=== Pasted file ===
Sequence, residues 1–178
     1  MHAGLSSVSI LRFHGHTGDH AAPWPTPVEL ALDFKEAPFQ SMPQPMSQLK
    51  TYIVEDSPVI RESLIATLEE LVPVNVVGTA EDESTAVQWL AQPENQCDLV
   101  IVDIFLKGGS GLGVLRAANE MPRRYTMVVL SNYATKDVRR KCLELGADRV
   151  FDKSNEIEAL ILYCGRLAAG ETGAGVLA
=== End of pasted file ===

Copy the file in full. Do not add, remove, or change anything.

Sequence, residues 1–178
     1  MHAGLSSVSI LRFHGHTGDH AAPWPTPVEL ALDFKEAPFQ SMPQPMSQLK
    51  TYIVEDSPVI RESLIATLEE LVPVNVVGTA EDESTAVQWL AQPENQCDLV
   101  IVDIFLKGGS GLGVLRAANE MPRRYTMVVL SNYATKDVRR KCLELGADRV
   151  FDKSNEIEAL ILYCGRLAAG ETGAGVLA